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Protesters in Cuba decry power outages, food shortages

Weekend protests in Cuba, people demanded food and electricity

Weekend protests in Cuba, people demanded food and electricity


Small groups of protesters took to the streets in the eastern city of Santiago on Sunday, decrying power outages lasting up to eight hours and food shortages across Cuba.

Videos on social media showed demonstrators on the outskirts of the city, which is about 800 kilometers (500 miles) from Havana.

State media confirmed the protests in Santiago, while the U.S. Embassy in Havana said there were also reports of protests in a number of other provinces across the island. Cuban President Miguel Díaz-Canel also referred to protests in a social media post, though he did not specify where they occurred.

In reporting on events in Santiago, the government-linked news organization El Necio said, “Due to the long hours of power outages from lack of fuel and other situations arising from the current economic crisis, several people took to the streets” to protest.

Cuba is facing one of the worst economic and energy crises in its history. Waves of blackouts have grown worse in recent weeks, adding to frustrations over food shortages and inflation that have made it increasingly difficult to make ends meet on the communist-governed island. Hundreds of thousands of people have migrated, with many headed to the United States.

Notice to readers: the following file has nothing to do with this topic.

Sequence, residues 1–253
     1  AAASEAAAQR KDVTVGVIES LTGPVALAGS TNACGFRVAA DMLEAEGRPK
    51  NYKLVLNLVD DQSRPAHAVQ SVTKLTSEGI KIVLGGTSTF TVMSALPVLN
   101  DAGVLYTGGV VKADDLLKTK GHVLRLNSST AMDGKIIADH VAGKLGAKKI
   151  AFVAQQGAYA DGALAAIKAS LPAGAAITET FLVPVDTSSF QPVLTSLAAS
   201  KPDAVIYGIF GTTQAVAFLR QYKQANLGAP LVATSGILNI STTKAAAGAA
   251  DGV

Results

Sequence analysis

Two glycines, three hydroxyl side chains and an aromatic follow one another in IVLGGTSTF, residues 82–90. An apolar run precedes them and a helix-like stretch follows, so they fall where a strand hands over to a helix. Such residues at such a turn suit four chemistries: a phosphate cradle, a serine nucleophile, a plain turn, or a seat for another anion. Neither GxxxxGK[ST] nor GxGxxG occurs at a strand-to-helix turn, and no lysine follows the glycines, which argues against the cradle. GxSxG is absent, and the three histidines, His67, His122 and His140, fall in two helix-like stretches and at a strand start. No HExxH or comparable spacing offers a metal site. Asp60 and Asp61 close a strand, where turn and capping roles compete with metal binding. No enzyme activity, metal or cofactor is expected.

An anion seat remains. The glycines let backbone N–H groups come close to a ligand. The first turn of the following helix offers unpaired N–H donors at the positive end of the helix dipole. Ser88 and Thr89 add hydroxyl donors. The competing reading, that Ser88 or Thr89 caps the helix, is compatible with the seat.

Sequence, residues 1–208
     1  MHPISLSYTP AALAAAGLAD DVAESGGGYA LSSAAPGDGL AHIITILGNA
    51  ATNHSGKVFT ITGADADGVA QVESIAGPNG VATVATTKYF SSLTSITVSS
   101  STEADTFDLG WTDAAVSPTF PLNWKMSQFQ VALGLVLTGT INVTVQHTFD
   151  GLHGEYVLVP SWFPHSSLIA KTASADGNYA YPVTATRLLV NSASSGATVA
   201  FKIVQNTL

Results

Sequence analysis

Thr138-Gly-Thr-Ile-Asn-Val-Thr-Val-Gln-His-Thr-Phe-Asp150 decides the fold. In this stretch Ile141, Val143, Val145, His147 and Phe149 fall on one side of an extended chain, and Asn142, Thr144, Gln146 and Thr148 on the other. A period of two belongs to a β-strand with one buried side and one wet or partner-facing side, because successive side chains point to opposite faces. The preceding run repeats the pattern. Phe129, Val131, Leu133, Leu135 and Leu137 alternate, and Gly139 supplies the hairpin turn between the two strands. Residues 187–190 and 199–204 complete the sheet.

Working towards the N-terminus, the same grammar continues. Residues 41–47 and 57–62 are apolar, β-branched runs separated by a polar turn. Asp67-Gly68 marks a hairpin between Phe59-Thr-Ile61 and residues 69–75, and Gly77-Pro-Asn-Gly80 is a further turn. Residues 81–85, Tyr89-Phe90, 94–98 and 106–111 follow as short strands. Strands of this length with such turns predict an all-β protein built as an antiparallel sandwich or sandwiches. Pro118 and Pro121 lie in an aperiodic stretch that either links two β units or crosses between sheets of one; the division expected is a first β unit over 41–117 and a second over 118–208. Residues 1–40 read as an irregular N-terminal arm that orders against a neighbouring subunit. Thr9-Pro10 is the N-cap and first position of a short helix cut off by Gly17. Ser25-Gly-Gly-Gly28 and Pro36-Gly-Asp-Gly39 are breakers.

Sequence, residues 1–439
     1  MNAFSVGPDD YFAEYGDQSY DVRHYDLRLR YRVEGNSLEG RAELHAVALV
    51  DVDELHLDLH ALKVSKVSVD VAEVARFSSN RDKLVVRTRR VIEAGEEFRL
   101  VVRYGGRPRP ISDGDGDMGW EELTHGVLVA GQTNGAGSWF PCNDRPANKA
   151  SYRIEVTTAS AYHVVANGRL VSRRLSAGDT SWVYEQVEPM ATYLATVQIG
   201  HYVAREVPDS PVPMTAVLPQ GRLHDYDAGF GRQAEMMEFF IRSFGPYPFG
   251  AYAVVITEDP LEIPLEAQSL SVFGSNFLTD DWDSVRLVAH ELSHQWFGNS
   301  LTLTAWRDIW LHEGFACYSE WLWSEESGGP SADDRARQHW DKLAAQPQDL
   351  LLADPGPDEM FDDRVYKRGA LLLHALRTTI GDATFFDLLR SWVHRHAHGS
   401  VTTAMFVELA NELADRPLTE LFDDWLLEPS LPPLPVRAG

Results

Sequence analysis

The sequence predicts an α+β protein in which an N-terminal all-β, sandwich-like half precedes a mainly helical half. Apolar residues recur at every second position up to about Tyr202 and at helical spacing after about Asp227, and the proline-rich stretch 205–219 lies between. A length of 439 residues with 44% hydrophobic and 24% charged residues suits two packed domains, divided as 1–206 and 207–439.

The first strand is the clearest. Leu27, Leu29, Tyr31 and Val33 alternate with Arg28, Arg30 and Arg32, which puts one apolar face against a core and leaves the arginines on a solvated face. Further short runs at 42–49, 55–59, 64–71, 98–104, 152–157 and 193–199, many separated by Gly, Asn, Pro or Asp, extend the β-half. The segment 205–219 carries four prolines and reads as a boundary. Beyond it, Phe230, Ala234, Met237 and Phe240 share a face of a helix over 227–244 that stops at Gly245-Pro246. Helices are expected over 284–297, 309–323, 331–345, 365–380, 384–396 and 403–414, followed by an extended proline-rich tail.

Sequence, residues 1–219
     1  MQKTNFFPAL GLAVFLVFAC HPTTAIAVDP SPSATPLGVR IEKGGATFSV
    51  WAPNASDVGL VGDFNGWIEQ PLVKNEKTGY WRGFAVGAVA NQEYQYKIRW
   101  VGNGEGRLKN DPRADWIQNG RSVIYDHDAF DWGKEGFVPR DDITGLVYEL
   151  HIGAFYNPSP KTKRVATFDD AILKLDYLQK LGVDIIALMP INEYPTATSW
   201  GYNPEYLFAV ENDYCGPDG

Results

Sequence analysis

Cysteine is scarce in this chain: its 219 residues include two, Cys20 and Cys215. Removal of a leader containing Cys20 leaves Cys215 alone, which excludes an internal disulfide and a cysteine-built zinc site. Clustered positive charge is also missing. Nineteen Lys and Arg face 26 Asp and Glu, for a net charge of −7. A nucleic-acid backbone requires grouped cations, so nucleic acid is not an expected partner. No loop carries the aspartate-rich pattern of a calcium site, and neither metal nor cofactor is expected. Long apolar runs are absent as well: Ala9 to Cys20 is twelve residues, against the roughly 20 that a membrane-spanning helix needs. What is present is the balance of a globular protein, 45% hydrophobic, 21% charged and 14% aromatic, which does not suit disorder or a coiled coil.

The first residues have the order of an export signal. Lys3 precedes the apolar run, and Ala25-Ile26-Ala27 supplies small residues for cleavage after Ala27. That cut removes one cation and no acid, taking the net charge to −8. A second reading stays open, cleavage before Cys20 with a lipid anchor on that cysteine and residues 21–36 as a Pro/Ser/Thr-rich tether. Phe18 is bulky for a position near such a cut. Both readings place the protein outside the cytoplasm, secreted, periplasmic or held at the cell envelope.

Videos showing people chanting “Electricity and food” were quickly shared by Cubans on and off the island on platforms like X and Facebook.

One person, who spoke to The Associated Press in a phone call from Santiago on condition their name not be used, said internet service in the area was shut off after the demonstrations. Several users on the social network X also reported internet outages in Santiago.

In recent years, the internet has become an important tool in Cuba to facilitate and distribute news of protests against the government, but it has also been used to spread false information about supposed protests.

It was most notably used during mass demonstrations in 2021 that saw the arrests of some demonstrators and mass internet outages. Those protests were also triggered by power and food shortages.

In the evening, Cuba’s president accused anti-government “terrorists” that he said were located in the United States of inciting the protests, saying they were “encouraging actions against the internal order of the country.”

“Several people have expressed their dissatisfaction with the situation of the electricity service and food distribution. This context is being exploited by the enemies of the Revolution in order to destabilize” the government, Díaz-Canel wrote on X.

Cuban President Miguel Diaz-Canel
File photo of Cuban President Miguel Diaz-Canel 

Peter Dejong / AP

The U.S. Embassy urged the Cuban government to respect the protests in a post on its Facebook page. “We are aware of reports of peaceful protests in Santiago, Bayamo, Granma and elsewhere in Cuba,” it said. “We urge the Cuban government to respect the human rights of the protesters and attend to the legitimate needs of the Cuban people.”

Earlier in the day, Beatriz Jhonson Urrutia, secretary of the Communist Party of Cuba in Santiago, showed up at the protests in that city to “have a dialogue with the people and hear their complaints,” El Necio said. Police were also present but there were no reports of arrests or violence.

Images and videos of purported protests in Cuba were spread around social media in recent days. Some were images from older protests or from other countries, and AP could not independently confirm whether the others were authentic.

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